Written By : Pranab Ranjan Choudhury, Vice President, Center for Land Governance


Eco System of Drought



As drought this year touches lives of a quarter of the population of India (in 255,923 villages in 254 districts in 10 states)[1] and debates over drought preparedness and development priorities by the Centre and states contested in media and questioned by the courts (viz. the row over IPL match in Maharashtra), this paper attempts a better understanding of the changing ‘drought ecosystems’ of poor farmers in India and explore whether ‘living with drought’ is possible drawing lessons from the regional adaptive traditions and by questioning  the mainstream agricultural trends. 


Drought: A Fact and Reality

A hydro-meteorological manifestation[2], drought is a natural phenomenon, as natural is the climate and its variability. In a country like India, when rainfed agriculture is the dominant food production system and land use, drought remains inherent accompanier of farmer, society and economy[3].  Irrigated agriculture is no different, as most of the irrigation systems being surface water- based with links to precipitation.


In the context of climate change, as rainfall is predicted to be more variable in India and dry regions becoming drier, extreme and intense drought events with higher frequencies[4] are expected.  Whether it would be meteorological drought, hydrological drought and agricultural drought, it would, depend upon, causation shifting from rainfall deficiencies through run off deficiencies to the availability of water for crops in the growing season[5].


Making of a Drought: The Human Influence

While drought remains a natural ‘phenomenon’ and technically an event, what makes it a ‘disaster’ or matter of concern, is a combination of factors, which are often man-made.  Not denying the fact that there are extreme and perennial droughts, impacts of which may be disconnected from anthropological connection, the fact remains that ‘droughts’ are often man-made. Severe droughts, being experienced of late, can no longer be seen as purely natural hazards, because human activities play a role.  Understanding and managing drought require acceptance of human influence as integral to drought as natural climate variability.  (Van Loon et al, 2016)[6]


Understanding Drought: Proposing a Multidimensional Framework Lens

Premised on an acceptance that drought would remain a companion of Indian Agriculture in this profoundly human-influenced era, the Anthropocene[7], this paper, attempts to explore, if its impact can be minimized on agriculture, food production, rural India and more importantly on the millions of small and marginal farmers, who are most affected by it, through a better multidimensional understanding.


Keeping in forefront the millions of farmers who bear the burnt, this paper adopts a human-angle to propose a comprehensive ‘Ecosystem Framework’ to understand and analyze the drought vulnerabilities of poor, especially the small and marginal farmers in Indian context.  More particularly, it seeks to examine, whether such vulnerabilities have accentuated of late in the liberalized anthropocene, as a result of the development pathway that have been adopted in general[8] and its influence on agriculture sector in particular around policy, research, extension and market.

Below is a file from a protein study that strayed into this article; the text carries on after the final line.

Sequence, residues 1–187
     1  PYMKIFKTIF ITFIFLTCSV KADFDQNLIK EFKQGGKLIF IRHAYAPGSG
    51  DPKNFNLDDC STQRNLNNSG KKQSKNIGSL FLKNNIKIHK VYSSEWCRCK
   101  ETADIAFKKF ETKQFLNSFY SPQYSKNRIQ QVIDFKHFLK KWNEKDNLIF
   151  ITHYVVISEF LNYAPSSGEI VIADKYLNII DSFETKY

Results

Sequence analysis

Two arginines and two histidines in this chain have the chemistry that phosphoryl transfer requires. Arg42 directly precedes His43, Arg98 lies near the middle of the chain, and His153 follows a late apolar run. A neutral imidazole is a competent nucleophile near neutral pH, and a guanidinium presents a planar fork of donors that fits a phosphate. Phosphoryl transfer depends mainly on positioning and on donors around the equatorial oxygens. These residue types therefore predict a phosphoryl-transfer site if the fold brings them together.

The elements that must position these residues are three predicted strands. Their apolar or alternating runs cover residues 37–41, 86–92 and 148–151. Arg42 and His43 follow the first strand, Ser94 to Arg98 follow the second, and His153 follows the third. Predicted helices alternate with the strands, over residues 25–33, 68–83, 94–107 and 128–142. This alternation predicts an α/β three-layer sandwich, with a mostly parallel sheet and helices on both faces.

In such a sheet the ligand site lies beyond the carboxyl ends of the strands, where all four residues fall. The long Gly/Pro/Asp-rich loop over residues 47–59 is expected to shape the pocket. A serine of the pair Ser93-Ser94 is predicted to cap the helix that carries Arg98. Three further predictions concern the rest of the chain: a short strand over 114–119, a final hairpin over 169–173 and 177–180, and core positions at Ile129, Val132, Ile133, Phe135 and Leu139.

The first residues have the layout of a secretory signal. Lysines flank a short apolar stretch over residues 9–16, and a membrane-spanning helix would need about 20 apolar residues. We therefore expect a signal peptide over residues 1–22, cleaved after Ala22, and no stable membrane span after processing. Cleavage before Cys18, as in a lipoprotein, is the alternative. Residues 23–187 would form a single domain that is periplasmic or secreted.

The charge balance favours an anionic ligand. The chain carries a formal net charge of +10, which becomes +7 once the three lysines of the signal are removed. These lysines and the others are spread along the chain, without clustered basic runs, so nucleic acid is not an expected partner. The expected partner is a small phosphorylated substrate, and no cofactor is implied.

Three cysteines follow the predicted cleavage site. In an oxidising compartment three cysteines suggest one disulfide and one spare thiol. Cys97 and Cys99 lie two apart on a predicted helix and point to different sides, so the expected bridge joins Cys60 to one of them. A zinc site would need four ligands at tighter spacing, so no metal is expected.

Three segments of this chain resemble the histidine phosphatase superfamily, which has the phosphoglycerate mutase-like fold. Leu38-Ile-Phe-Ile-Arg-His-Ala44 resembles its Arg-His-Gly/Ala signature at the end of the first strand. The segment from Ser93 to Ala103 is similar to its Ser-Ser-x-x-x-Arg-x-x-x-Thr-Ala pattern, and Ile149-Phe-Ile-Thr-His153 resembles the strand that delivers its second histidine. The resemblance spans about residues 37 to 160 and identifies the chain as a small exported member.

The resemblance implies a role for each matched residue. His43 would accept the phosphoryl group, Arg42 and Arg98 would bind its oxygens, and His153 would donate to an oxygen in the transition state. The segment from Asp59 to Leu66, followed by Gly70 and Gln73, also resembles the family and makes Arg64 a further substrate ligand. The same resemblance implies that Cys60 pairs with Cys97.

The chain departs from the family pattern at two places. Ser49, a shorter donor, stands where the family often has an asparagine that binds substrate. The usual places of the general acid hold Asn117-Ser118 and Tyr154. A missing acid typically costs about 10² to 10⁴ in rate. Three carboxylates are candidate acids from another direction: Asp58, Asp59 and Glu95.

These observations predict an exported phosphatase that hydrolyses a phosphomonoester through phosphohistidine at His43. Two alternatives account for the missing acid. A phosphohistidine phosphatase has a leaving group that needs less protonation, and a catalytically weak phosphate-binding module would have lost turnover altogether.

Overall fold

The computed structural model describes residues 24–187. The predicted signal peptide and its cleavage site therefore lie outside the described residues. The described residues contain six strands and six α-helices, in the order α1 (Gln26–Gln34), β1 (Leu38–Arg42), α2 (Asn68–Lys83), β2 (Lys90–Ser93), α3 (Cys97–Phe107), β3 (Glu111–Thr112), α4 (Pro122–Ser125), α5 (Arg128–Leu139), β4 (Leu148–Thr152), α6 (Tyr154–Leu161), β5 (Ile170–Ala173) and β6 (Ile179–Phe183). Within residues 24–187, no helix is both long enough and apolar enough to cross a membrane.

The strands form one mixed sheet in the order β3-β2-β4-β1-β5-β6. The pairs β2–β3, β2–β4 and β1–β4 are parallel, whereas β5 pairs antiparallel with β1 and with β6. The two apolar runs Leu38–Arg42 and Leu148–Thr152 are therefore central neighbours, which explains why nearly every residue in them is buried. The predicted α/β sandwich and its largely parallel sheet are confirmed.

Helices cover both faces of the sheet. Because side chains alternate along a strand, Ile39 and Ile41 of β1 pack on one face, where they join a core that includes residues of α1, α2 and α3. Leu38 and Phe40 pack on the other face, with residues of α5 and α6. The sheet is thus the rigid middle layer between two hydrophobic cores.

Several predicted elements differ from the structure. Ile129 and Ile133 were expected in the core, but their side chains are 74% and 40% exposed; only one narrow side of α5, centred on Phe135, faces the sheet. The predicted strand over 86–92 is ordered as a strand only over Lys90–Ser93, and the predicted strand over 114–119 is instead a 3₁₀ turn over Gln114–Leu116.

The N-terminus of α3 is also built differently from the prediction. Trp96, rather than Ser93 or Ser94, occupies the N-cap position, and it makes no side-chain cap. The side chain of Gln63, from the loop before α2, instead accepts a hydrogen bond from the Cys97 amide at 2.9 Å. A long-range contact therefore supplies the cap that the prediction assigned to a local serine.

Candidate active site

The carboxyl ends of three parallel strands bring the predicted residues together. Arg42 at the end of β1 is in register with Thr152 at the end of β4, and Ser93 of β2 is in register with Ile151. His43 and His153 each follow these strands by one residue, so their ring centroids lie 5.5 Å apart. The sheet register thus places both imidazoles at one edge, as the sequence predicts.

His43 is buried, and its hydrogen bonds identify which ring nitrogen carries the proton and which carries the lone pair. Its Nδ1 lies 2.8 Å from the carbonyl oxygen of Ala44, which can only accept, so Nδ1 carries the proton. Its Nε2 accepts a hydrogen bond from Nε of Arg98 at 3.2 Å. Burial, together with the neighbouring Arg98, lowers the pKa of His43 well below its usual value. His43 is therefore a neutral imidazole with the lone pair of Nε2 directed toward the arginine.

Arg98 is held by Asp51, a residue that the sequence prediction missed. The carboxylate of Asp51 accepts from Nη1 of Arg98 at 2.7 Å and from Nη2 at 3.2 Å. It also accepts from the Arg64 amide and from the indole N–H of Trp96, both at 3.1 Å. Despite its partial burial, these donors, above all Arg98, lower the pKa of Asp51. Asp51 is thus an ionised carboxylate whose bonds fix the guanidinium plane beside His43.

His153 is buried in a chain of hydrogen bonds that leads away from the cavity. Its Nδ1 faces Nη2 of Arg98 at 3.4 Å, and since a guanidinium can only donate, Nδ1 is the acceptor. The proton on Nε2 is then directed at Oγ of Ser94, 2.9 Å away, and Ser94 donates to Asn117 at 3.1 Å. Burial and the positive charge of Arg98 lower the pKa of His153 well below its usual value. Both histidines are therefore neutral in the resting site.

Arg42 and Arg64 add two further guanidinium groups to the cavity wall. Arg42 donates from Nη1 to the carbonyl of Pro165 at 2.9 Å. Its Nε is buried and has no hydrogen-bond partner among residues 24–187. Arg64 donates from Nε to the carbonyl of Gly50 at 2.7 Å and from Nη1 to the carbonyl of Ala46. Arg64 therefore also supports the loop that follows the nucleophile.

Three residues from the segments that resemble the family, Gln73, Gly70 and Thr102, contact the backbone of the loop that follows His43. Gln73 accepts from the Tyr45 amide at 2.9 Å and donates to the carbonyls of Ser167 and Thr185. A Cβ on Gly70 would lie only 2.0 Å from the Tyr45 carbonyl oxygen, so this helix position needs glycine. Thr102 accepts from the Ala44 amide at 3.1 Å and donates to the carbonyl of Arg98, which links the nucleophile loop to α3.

Ecosystem of drought vulnerability framed here, attempts to understand the small farmer’s environment in holistic, multidisciplinary perspectives to analyze, how the social, economical and ecological environment around it has changed along with the political and cultural mileu of late and whether the changes have induced higher vulnerabilities? As drought could most usefully be characterized by its impact on the poor farming community and their ecosystem/landscape, this framework argue that ecosystem of drought framework probably can help better appreciation of the quantum of its impact.




[1] http://www.newindianexpress.com/nation/330000000-People-Drought-Hit-in-India/2016/04/20/article3389262.ece

[2] A drought is a period of below-average precipitation in a given region, resulting in prolonged shortages in its water supply, whether atmospheric, surface or ground water; https://en.wikipedia.org/wiki/Drought#Erosion_and_human_activities

[3] The agricultural sector lies at the core of Indian society. Sixty percent of the population works in agriculture, and it accounts for roughly a fifth of the country’s gross domestic product. http://www.scientificamerican.com/article/indias-drought-highlights-challenges-climate-change-adaptation/

[4] http://www.huffingtonpost.in/2016/04/08/maharashtra-drought_n_9636012.html

[5] http://www.ceh.ac.uk/news-and-media/blogs/what-drought

[6] http://www.nature.com/ngeo/journal/v9/n2/full/ngeo2646.html

[7] The Anthropocene defines Earth’s most recent geologic time period as being human-influenced, or anthropogenic, based on overwhelming global evidence that atmospheric, geologic, hydrologic, biospheric and other earth system processes are now altered by humans. http://www.anthropocene.info

[8] viz. Increasing water foot prints of modern life style and un-adaptive water use in water-scarce/deficit ecosystems requiring massive transfer of actual and virtual water among ecosysyems leading to dying of rivers, depletion of ground water and making situations more vulnerable when drought comes.




This was published in Perspective – A Drought Special Edition. You can read  it  here We are in Drought